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“Global warming is a hoax”: Trump’s threat to the environment

Source: The Inertia
Source: The Inertia
Source: The Inertia

With Trump’s inauguration officially beginning his first term as President, many of his first actions in the new role have sparked controversy on a global scale. However, the potential threat to the environment posed by his stated views on the subject has largely been overlooked. Having famously stated that climate change is a “hoax” and “bullsh*t”, it is hardly a surprise that environmentalists are looking at the next four years with worry.

As with most transnational issues, it is key to get America on the right side of the fight against global warming for any change to be implemented and effective on a global scale. Unsurprisingly, the United States is one of the largest emitters of greenhouse gases in the world, producing around 15% of the global share of carbon dioxide emissions in 2017. During the Obama administration in particular, the nation has tried to reduce these high emissions through passing various legislation and joining international treaties; it is predicted that America is set to achieve its 2009 pledge to cut carbon dioxide emissions by 17% from 2005 to 2020.

However, Trump’s stated stance on environmental issues could hugely threaten progress and dismantle Obama’s climate change legacy. It is clear that environmentalism is far from a priority on Trump’s presidential agenda, as he instead prioritises the creation of American jobs and increasing energy production. Although these goals are important to sustain and improve the social wellbeing of many communities across the States as well as international businesses, does this excuse the harm Trump’s actions could do to the environment? Ultimately, it begs the question of whether his priorities are right.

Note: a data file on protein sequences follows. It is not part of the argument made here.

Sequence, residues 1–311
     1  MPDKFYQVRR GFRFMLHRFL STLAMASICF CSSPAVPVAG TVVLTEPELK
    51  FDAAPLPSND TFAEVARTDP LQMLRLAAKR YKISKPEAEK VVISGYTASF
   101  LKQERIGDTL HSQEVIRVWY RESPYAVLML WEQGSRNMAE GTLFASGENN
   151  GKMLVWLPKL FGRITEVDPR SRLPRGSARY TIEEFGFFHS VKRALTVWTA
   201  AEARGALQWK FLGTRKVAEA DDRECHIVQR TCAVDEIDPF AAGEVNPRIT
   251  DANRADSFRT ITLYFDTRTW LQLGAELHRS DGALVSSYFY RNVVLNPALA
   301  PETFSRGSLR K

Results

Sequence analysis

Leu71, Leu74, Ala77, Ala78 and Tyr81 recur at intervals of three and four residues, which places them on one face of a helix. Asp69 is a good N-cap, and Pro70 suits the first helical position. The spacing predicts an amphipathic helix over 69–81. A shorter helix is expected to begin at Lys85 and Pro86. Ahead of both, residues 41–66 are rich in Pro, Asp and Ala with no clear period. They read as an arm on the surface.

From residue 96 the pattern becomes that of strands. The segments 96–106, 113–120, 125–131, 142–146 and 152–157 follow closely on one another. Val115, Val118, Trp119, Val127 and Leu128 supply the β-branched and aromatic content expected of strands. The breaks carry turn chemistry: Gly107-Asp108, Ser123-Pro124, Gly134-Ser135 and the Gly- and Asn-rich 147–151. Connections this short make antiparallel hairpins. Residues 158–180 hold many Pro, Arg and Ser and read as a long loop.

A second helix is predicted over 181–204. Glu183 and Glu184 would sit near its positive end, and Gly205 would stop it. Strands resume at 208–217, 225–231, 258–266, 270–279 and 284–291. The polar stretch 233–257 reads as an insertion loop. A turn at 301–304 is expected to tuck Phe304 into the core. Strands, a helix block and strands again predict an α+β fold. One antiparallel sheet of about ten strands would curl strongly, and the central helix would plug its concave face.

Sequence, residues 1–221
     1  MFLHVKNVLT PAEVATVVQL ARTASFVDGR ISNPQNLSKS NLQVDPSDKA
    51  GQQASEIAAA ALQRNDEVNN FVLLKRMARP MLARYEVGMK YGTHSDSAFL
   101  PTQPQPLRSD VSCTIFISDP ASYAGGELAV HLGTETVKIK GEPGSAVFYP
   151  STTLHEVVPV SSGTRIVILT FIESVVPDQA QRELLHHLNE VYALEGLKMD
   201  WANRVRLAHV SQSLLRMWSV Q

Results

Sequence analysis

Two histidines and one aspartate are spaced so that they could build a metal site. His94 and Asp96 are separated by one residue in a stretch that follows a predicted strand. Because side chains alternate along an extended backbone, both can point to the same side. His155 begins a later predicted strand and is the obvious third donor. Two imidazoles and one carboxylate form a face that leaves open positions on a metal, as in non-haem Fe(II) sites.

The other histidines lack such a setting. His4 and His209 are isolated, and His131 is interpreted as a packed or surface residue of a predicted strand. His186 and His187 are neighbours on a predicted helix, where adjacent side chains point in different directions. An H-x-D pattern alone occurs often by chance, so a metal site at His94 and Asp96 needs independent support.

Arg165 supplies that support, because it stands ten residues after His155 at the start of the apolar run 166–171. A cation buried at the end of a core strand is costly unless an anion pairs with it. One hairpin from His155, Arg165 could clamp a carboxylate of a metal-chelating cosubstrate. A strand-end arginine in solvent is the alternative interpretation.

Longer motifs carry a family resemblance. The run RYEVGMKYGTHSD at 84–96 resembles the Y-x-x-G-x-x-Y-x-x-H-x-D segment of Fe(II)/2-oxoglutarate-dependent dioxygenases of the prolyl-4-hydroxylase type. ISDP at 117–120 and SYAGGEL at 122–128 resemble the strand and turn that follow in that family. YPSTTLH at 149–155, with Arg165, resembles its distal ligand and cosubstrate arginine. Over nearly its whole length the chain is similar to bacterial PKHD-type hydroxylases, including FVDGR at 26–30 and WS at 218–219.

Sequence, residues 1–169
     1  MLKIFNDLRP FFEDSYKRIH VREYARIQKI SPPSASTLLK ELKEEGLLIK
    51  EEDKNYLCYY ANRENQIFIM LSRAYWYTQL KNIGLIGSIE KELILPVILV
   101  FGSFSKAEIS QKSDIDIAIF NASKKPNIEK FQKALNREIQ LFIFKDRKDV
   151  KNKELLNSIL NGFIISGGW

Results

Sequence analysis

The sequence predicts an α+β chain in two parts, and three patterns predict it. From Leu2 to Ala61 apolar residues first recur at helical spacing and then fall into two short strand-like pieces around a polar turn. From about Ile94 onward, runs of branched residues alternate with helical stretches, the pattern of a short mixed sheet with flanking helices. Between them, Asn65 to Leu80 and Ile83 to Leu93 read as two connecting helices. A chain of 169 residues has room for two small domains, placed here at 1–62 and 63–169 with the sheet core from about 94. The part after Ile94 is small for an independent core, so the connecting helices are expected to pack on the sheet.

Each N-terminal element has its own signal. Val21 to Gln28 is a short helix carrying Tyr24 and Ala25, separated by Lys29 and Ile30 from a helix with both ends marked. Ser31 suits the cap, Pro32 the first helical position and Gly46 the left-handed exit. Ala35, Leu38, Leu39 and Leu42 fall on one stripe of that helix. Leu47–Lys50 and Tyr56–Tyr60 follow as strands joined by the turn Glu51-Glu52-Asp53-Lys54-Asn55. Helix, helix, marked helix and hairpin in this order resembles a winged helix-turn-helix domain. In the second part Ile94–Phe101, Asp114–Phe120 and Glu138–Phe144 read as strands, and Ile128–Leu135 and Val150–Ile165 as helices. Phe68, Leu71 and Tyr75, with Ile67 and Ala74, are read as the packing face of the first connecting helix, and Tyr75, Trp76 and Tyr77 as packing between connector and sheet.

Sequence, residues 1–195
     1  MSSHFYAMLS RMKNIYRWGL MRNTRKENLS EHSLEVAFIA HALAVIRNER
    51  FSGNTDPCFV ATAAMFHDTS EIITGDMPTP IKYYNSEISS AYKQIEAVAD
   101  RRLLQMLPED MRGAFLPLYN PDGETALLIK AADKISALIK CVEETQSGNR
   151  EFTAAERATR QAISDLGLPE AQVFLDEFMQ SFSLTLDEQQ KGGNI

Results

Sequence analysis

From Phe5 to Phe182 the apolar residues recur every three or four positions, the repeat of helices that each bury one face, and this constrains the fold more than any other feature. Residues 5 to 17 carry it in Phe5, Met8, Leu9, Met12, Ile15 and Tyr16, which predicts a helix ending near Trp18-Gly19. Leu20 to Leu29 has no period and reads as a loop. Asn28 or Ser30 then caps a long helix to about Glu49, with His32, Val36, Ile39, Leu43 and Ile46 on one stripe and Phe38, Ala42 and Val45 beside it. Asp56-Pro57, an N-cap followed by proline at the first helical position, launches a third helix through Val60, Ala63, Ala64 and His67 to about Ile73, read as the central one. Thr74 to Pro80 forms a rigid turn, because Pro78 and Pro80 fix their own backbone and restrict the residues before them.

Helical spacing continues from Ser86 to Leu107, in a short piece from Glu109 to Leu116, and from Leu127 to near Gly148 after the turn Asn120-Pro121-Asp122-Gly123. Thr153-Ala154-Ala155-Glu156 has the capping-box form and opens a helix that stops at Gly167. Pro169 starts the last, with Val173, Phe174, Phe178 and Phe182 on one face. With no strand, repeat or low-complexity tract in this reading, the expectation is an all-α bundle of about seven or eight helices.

Since Trump’s inauguration, physical changes implemented by the new President merely put his anti-environmental rhetoric into action. His cabinet is hugely imbalanced as it massively favours those with interests in the energy sector. He nominated the chief executive of ExxonMobil for Secretary of State, and Scott Pruitt (a climate change sceptic and ally of the fossil fuel industry) to run the US Environmental Protection Agency. Promoting the irony in this, Pruitt stated that he does not believe that climate change is caused by the emission of carbon dioxide as a result of the burning of fossil fuels – a claim which is widely embraced by scientists across the world. Furthermore, the new President has issued executive orders regarding the environment, including one to ‘review’ the Clean Water Act, one of Obama’s biggest environmental legacies. This Act gave the federal government authority to limit pollution in lakes, rivers, et cetera. All this gives a bigger advantage to the key players in the energy sector (especially those who now hold important government roles, like Pruitt), and lets them act in their own self-interest regardless of environmental wellbeing. This makes the entire Trump administration a momentous threat to the environment.